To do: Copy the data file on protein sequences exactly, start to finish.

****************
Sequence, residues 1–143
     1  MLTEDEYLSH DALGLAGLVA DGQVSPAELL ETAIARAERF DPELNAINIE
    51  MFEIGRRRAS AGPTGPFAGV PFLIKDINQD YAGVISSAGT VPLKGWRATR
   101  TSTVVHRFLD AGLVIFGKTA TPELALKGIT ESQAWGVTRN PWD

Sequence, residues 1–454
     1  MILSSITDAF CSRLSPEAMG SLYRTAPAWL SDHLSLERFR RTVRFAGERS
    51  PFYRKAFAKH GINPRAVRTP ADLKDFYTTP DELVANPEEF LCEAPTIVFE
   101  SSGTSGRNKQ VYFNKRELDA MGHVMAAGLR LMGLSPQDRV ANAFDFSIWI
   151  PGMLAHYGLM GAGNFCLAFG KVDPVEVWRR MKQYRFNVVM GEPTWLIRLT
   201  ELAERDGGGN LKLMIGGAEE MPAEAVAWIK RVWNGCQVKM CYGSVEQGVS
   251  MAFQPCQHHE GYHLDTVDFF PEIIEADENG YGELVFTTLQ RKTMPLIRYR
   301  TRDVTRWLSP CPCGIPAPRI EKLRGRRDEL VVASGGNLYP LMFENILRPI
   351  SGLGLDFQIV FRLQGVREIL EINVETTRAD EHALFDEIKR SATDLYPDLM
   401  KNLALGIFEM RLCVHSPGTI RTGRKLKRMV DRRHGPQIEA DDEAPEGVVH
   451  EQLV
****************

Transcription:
Sequence, residues 1–143
     1  MLTEDEYLSH DALGLAGLVA DGQVSPAELL ETAIARAERF DPELNAINIE
    51  MFEIGRRRAS AGPTGPFAGV PFLIKDINQD YAGVISSAGT VPLKGWRATR
   101  TSTVVHRFLD AGLVIFGKTA TPELALKGIT ESQAWGVTRN PWD

Sequence, residues 1–454
     1  MILSSITDAF CSRLSPEAMG SLYRTAPAWL SDHLSLERFR RTVRFAGERS
    51  PFYRKAFAKH GINPRAVRTP ADLKDFYTTP DELVANPEEF LCEAPTIVFE
   101  SSGTSGRNKQ VYFNKRELDA MGHVMAAGLR LMGLSPQDRV ANAFDFSIWI
   151  PGMLAHYGLM GAGNFCLAFG KVDPVEVWRR MKQYRFNVVM GEPTWLIRLT
   201  ELAERDGGGN LKLMIGGAEE MPAEAVAWIK RVWNGCQVKM CYGSVEQGVS
   251  MAFQPCQHHE GYHLDTVDFF PEIIEADENG YGELVFTTLQ RKTMPLIRYR
   301  TRDVTRWLSP CPCGIPAPRI EKLRGRRDEL VVASGGNLYP LMFENILRPI
   351  SGLGLDFQIV FRLQGVREIL EINVETTRAD EHALFDEIKR SATDLYPDLM
   401  KNLALGIFEM RLCVHSPGTI RTGRKLKRMV DRRHGPQIEA DDEAPEGVVH
   451  EQLV